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5. (Athletics) To move rapidly by springing steps so that there is an instant in each step when neither foot touches the ground; -- so distinguished from walking in athletic competition.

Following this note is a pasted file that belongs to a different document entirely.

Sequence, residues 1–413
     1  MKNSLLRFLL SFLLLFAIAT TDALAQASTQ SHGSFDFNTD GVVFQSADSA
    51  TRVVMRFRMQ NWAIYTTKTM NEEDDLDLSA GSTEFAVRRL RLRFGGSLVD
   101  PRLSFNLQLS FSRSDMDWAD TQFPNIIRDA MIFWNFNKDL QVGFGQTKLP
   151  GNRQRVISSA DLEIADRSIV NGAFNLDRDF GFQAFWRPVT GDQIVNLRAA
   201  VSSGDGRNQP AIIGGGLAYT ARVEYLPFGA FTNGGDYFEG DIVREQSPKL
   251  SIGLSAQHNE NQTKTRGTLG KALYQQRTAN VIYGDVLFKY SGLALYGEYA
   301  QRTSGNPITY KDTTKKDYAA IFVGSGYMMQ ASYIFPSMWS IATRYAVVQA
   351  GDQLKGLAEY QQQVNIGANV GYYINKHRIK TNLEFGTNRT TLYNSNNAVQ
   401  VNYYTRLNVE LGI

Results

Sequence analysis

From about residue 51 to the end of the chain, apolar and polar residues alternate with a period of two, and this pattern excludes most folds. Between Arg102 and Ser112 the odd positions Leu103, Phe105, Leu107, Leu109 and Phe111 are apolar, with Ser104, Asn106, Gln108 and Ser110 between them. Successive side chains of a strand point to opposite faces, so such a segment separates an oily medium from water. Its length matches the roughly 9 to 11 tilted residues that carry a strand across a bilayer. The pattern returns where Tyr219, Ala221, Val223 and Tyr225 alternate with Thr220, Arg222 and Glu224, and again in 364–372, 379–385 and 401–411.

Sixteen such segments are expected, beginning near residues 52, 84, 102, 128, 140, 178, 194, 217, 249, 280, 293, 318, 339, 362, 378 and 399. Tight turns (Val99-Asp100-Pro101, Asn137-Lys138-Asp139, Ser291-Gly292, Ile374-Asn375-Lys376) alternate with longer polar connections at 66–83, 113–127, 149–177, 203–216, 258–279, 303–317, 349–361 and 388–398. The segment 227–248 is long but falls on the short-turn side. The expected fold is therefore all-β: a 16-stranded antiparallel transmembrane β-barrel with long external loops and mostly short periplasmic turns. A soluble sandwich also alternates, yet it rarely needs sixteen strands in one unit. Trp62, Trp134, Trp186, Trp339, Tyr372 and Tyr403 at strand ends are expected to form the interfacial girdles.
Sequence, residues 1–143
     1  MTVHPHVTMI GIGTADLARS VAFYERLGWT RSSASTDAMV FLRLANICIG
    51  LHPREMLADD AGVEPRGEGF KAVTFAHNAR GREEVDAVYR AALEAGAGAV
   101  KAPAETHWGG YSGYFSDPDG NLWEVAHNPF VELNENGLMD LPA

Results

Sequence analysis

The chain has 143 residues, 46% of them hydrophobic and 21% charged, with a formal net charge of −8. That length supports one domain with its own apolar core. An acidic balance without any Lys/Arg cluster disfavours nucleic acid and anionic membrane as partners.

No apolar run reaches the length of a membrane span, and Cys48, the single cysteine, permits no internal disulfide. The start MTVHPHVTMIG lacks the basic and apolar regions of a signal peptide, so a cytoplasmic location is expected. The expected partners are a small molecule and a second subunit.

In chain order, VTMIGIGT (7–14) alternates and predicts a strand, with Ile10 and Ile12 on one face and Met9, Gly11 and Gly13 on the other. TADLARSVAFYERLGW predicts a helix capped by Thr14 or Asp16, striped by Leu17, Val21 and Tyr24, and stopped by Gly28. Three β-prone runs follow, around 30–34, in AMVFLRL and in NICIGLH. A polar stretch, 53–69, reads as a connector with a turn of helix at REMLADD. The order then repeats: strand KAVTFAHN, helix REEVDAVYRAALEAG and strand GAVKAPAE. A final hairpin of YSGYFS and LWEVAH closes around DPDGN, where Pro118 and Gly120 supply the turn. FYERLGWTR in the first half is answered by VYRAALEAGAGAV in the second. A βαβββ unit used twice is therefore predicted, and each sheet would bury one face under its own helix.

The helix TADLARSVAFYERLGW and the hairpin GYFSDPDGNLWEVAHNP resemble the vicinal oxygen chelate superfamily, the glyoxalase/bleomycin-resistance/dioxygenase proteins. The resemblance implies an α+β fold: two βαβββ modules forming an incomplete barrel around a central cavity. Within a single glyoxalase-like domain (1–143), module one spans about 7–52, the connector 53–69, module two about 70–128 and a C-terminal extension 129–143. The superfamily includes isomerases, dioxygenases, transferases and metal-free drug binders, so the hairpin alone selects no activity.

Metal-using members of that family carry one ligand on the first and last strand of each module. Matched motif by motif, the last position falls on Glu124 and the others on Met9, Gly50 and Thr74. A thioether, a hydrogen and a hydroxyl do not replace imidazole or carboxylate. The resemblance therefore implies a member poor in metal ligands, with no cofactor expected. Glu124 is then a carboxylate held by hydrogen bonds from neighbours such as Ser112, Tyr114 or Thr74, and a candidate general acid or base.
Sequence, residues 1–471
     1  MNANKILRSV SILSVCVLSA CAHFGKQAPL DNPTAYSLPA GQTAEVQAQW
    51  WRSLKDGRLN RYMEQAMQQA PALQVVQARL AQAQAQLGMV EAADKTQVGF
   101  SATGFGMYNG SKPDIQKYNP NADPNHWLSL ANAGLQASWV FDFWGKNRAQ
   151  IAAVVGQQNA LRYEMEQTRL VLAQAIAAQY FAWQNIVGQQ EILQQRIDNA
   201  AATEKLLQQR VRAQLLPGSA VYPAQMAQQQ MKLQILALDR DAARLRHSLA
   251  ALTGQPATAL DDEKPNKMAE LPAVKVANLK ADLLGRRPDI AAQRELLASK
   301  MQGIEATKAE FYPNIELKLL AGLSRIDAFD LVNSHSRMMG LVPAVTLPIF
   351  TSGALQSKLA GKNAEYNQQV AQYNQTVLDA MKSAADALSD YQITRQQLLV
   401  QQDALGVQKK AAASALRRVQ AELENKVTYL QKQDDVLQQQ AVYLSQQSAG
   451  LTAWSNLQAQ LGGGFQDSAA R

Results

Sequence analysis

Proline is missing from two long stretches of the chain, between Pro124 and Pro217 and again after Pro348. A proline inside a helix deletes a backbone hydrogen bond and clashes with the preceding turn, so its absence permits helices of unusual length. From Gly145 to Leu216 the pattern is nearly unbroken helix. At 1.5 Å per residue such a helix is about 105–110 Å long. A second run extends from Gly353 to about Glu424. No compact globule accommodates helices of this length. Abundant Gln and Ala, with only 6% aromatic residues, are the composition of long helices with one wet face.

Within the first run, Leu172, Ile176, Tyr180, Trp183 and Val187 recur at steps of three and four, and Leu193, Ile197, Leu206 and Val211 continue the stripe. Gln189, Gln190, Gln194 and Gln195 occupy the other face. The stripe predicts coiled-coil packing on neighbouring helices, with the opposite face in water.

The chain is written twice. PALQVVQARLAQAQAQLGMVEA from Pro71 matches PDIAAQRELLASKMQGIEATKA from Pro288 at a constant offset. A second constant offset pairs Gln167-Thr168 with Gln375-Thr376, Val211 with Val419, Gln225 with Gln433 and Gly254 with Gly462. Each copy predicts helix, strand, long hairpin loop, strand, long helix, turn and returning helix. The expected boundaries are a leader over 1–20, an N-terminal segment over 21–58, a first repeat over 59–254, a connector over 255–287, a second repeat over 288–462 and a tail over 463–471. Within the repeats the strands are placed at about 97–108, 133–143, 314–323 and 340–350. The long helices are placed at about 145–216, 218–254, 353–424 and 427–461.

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As things run, according to the usual order, conditions, quality, etc.; on the average; without selection or specification. -- To let run (Naut.), to allow to pass or move freely; to slacken or loosen. -- To run after, to pursue or follow; to search for; to endeavor to find or obtain; as, to run after similes. Locke. -- To run away, to flee; to escape; to elope; to run without control or guidance. -- To run away with. (a) To convey away hurriedly; to accompany in escape or elopement. (b) To drag rapidly and with violence; as, a horse runs away with a carriage. -- To run down. (a) To cease to work or operate on account of the exhaustion of the motive power; -- said of clocks, watches, etc. (b) To decline in condition; as, to run down in health. -- To run down a coast, to sail along it. -- To run for an office, to stand as a candidate for an office. -- To run in or To run into. (a) To enter; to step in. (b) To come in collision with. -- To run into To meet, by chance; as, I ran into my brother at the grocery store. -- To run in trust, to run in debt; to get credit. [Obs.] -- To run in with. (a) To close; to comply; to agree with. [R.] T. Baker. (b) (Naut.) To make toward; to near; to sail close to; as, to run in with the land. -- To run mad, To run mad after or To run mad on. See under Mad. -- To run on. (a) To be continued; as, their accounts had run on for a year or two without a settlement. (b) To talk incessantly. (c) To continue a course. (d) To press with jokes or ridicule; to abuse with sarcasm; to bear hard on. (e) (Print.) To be continued in the same lines, without making a break or beginning a new paragraph. -- To run out. (a) To come to an end; to expire; as, the lease runs out at Michaelmas. (b) To extend; to spread. “Insectile animals . . . run all out into legs.” Hammond. (c) To expatiate; as, to run out into beautiful digressions. (d) To be wasted or exhausted; to become poor; to become extinct; as, an estate managed without economy will soon run out.